Depending on what state you live in there are different permitting requirements for creating your own food and alcohol from your home or small business for the purposes of human consumption. Call your local county clerk’s office for more information and make sure to check the federal regulations on the sale of alcohol.
For larger, more industrial projects, you’re going to need a lot more than permits. You’re going to need large scale infrastructure or machinery like what ABS Commercial deals with. Brew masters all over the country have their preferred methods, but everyone needs to be using certified, food-grade surfaces, machinery, and materials for their production.
3. The Ingredients
Here’s where the game gets fun and interesting. This stage should be the whole reason you’re doing this to begin with. Perhaps you’ve had one-too-many glasses of beer that tastes like old dishwater rung out of a used rag into a cold glass, or maybe you’re just craving a profile that doesn’t exist to your knowledge in the general market.
For some easy, small batch stuff, check out these home brew recipes and see if there’s something you’d like to try out. They’re perfect for beginners. Otherwise, all you need to do to start is simply Google a base-profile beer you want to create. Is it a lager, an ale, an IPA, etc.? Once you’ve got the base figured out, you can start playing with things like your own ingredients.
Ideas and recommendations: try cinnamon and apple in a batch for a nice, Christmas-style beer that’s sure to appease the masses. You could also try pumpkin and nutmeg for another holiday-inspired alcoholic beverage that’s sure to delight.
4. The Staff
Once you’ve gotten to this stage, it’s time to decide the scale of the help you’ll need. Is this the sort of process you think you’ll be able to take care of yourself or is it something you’ll need to outsource some help from. Most breweries and alcohol businesses have teams of people working round the clock as most of the machinery is sensitive and dangerous, and thus shouldn’t be left unattended.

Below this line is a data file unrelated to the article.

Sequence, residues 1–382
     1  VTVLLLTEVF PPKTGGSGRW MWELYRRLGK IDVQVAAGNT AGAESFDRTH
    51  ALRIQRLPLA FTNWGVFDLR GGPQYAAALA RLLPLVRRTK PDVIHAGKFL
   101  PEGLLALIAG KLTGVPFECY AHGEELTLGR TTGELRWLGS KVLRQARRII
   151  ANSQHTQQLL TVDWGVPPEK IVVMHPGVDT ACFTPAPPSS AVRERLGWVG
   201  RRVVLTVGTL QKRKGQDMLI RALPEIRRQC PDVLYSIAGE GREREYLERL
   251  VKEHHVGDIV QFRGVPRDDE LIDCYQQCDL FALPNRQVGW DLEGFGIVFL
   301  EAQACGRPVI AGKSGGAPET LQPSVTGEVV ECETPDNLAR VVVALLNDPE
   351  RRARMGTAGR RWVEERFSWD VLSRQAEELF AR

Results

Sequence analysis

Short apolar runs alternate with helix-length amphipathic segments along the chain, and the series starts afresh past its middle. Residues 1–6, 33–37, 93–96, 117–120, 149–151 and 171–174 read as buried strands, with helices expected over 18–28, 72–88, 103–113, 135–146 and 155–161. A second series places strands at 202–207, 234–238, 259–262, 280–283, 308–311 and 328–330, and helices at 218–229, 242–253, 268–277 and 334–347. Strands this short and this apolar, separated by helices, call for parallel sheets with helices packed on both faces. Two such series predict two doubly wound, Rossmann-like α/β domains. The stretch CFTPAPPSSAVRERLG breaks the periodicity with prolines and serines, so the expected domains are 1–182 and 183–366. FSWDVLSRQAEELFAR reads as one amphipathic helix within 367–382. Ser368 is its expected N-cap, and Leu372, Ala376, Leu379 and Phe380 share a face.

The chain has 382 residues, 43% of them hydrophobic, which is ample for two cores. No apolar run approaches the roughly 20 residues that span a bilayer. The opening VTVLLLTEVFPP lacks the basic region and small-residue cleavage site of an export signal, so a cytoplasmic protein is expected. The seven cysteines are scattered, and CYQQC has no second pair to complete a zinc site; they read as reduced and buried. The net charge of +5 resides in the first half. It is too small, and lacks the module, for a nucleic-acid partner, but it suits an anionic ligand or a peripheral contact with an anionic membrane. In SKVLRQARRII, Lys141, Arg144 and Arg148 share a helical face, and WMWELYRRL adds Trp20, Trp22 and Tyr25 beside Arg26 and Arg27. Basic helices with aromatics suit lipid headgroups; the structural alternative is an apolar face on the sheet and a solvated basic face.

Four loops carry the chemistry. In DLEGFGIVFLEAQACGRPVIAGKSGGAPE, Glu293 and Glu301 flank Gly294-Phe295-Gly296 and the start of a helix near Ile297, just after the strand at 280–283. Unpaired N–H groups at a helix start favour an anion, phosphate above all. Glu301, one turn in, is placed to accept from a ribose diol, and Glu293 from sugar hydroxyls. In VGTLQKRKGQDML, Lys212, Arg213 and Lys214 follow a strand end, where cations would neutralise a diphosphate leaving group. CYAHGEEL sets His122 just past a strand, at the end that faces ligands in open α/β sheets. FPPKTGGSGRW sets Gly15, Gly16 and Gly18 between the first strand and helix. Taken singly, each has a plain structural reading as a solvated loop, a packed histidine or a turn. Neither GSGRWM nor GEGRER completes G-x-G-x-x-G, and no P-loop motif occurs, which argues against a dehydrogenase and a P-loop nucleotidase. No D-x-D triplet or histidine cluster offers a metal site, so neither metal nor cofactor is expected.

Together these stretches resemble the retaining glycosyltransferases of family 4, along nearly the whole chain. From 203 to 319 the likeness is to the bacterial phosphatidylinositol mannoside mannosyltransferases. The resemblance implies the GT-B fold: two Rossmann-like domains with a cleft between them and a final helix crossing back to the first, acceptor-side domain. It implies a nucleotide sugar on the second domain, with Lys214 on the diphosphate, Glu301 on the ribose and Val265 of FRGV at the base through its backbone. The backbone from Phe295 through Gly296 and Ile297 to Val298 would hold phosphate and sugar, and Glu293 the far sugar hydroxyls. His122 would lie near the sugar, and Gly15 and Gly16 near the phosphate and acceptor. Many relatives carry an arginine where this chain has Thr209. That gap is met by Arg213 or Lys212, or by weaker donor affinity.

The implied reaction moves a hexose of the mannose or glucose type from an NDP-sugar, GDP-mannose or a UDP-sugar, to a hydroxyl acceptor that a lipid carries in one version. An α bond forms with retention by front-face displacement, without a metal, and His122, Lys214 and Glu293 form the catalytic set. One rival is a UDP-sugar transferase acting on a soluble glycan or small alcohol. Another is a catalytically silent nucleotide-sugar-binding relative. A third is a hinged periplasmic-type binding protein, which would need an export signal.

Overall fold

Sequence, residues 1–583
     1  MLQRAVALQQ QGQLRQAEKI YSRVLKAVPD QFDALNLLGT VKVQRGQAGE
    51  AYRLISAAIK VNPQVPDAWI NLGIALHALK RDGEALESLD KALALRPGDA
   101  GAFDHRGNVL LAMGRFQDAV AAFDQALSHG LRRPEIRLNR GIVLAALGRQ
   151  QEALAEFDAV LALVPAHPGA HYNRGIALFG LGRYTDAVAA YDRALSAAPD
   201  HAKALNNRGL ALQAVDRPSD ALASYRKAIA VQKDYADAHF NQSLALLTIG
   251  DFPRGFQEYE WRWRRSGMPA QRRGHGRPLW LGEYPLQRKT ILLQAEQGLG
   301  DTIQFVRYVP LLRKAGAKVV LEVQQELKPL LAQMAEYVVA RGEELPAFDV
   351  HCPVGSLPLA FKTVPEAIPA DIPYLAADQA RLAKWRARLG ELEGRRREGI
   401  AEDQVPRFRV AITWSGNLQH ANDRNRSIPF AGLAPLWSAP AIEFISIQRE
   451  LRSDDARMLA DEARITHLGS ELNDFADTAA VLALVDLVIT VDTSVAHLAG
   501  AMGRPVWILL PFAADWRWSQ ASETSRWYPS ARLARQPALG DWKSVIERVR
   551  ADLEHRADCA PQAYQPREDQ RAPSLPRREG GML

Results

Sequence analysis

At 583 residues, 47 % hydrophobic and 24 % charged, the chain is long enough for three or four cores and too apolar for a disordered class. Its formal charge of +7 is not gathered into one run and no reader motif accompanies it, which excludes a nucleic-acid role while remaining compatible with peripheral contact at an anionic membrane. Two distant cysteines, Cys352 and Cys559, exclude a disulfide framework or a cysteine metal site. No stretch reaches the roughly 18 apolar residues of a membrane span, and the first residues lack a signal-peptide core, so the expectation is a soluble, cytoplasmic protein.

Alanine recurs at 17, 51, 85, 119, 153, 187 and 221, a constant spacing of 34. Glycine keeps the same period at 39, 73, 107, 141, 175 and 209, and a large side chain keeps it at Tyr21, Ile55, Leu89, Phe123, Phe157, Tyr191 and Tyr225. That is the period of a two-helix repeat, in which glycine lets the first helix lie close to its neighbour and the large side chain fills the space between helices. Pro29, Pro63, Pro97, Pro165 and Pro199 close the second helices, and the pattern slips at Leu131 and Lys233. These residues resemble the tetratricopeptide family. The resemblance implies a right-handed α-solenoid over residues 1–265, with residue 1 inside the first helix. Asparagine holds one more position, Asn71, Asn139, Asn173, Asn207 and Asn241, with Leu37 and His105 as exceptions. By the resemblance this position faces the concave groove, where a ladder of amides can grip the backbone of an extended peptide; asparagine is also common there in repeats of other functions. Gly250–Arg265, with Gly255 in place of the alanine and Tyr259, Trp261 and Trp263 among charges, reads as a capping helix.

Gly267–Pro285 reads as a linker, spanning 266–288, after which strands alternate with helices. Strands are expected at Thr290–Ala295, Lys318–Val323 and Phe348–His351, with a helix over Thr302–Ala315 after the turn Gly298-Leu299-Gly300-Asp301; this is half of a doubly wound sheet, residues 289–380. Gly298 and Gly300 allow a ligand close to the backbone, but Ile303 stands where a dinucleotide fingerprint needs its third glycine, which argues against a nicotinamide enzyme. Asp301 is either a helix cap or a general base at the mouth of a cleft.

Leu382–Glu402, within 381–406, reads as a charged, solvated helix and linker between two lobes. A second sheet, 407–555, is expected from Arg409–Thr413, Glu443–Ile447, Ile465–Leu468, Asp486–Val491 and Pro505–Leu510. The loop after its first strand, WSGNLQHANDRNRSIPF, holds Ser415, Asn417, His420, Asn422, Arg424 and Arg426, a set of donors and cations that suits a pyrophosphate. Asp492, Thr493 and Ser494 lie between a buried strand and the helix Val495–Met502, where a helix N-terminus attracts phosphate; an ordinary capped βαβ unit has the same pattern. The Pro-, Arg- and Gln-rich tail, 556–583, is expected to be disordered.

If you’re planning on hiring and training a small staff, legally you will be required to pay them and establish your business as a corporation. This opens up a whole different can of worms that can only be figured out depending on what the state’s laws that you are in are. Unfortunately the United States differs greatly from state-to-state on these issues, further confusing the matter.
5. The Process
The process can be long and difficult, even for professionals in the industry. Every new type of beverage will be a different and new process for the team, or you, to learn. Remember, yeast is a living thing and can be temperamental. You and your team need to respect it for the life that it creates.
The Brewers Association of America has an up-to-date list of safety tips and guidelines to follow in your taproom or brewpub. These things need to be followed in order to ensure the safety of not only you and your team, but your clients and the public as well.
Craft breweries are springing up everywhere and the market is opening up for new entrepreneurs every day, so don’t miss out on the achievable opportunity of making a name for yourself in the beer world and start today!